December 2, 2012

end of a (short) era

When I started this blog in September  I had just embarked on a journey of self-employment. I had left my job with Hilton to pursue selling my candles at craft shows throughout the holiday season. I didn't make this choice solely out of desire to work for myself (even though that was a contributing factor) but as a pragmatic solution to an impending problem:

1) my apartment's lease was about to end in October;

2) I'm moving from the USA to Canada in January; and

3) I needed somewhere to stay during that period between October & January and my parents offered to take me in.

My parents live in a small, rural town where good jobs are few and far between. So rather than settle for waitressing at the Country Hound Cafe (true story) I decided that I could make a living working craft shows and not have the stress of working for someone else during the holiday season.

My vanilla-scented soy baby.

Holy maple syrup, was I ever wrong. On both counts. I worked 4 weekends of shows over the last 2 months, each one drastically different than the last. In the end, I wasn't able to make a living working craft shows (though I was able to pay my bills thanks to my online antiques business) nor did I evade workplace stress. Instead, I brought the workplace stress into my home. (Note to those pondering doing craft shows with no true studio/work space to speak of: Manufacturing & packaging your own product in your kitchen/living room/bedroom is not for the faint of heart. You wake up looking at your work and you go to bed sick of the sight of it. You can't escape it, not when there are boxes, jars, bags, bottles, snippets and pieces covering every square foot of living space.)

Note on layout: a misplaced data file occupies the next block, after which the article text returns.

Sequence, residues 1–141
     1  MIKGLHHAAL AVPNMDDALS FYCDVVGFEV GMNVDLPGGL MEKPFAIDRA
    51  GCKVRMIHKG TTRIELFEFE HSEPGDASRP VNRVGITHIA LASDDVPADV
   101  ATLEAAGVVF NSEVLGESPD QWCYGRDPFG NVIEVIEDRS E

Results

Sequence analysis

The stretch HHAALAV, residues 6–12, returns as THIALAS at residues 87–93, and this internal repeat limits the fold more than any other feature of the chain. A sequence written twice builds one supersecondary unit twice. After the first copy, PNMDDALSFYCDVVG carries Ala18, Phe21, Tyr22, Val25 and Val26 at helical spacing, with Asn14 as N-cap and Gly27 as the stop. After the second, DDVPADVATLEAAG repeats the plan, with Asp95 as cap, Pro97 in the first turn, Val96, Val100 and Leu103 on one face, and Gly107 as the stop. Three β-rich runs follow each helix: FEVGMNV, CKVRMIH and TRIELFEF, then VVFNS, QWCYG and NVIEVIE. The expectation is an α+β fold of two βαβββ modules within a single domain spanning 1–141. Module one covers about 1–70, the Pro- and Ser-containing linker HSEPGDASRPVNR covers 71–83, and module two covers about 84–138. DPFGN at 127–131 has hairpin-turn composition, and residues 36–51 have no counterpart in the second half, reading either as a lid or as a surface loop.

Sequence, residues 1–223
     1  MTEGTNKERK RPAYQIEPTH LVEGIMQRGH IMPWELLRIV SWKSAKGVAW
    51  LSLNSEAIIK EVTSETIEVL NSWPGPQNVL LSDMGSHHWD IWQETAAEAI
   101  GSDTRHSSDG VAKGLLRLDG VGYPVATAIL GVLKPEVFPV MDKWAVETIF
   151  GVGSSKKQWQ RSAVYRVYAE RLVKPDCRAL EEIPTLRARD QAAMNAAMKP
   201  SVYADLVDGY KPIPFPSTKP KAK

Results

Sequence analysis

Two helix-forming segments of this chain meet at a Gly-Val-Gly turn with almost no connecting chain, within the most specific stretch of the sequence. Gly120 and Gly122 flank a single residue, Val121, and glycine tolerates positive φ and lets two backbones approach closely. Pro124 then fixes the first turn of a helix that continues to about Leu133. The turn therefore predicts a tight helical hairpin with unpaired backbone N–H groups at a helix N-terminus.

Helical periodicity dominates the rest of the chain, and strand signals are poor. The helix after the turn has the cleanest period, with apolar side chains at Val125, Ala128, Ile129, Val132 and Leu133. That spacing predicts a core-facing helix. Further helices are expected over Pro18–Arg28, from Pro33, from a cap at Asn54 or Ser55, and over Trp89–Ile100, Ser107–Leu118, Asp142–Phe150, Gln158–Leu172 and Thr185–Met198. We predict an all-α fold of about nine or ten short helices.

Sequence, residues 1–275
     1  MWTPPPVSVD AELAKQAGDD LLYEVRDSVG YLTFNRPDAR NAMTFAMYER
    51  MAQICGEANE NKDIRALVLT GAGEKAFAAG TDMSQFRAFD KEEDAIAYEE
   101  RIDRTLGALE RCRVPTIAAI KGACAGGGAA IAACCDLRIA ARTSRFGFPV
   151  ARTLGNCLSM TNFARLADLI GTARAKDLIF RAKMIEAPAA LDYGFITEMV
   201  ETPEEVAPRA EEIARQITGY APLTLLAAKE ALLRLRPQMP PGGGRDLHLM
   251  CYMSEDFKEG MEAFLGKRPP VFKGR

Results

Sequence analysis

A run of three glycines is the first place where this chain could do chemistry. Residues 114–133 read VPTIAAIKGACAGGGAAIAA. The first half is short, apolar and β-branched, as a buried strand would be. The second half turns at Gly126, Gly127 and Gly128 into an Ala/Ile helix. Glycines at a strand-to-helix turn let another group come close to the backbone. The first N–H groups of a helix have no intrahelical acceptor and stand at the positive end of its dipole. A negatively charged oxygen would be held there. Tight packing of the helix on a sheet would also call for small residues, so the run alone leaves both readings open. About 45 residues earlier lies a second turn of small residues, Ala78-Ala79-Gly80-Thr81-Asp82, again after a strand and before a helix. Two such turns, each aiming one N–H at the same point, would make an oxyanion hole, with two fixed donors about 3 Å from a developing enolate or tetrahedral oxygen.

I also learned that in this tough economy there are many people who would rather purchase mass-produced foreign-made copies than pay a premium for quality, one-of-a-kind, locally produced goods. And those people go to craft shows expecting Walmart prices for artisan crafts. Sadly, many people equate craft fairs with rummage sales and believe that artists/artisans can or should be haggled with. This is not cool with us.

Looking back, I see that the real estate mantra really is true: location, location, location. Where you sell matters. I don't believe I chose the right area to start a candle business. Central/southern Florida, with its 90 degree heat in November, doesn't scream cozy-country-cabin-candles. Many customers wrinkled their noses at the smell of Warm Vanilla Maple, a scent that I created with my Canadian friends in mind. They didn't want mason jars, they wanted tropical-scented candles in sea shells. Perhaps I should have considered the area I was selling in before I chose my aesthetic.

I also didn't take into account that the demographic for this area is about 90% retired folks who, I have come to realize, have no use for candles. They go to craft shows in search of onesies for their grandchildren and banana bread baked by their canasta buddies. Candles are frivolous to them.

Needless to say, the last couple of months have been eye-opening and at times disheartening. But of course there are lessons behind the bad moments, so in the end I'm glad I took the plunge. Do I wish I made more money? Of course. But I will draw from my experiences and use them to improve my product and presentation. I'm in the process of reviewing different craft shows in the Toronto area and I plan on applying to 1 or 2 of them for the spring. It'll be a completely different market and I'll have had enough distance from my escapades in Florida to start fresh & eager. I'll be debuting a whole new line of candles and home decor that I'm excited about!

Until then, I'll continue blogging about my adventures in antiquing & cool home decor/DIY projects that I come across. I will press on!


  1. Yay for you for taking the plunge! I think your positive go-getter can't-be-beat attitude will take you a very long way. I love how you shook off the bum fair and came back with a solid plan. Good luck in Canada! I'm a cozy cabin candle type too! :)

  2. That's what life is about-risks. As long as you came away with a lesson and are willing to go back out and try it again! I'm sure Donald Trump didn't get to where he is by "playing it safe". Lots of luck in Canada!


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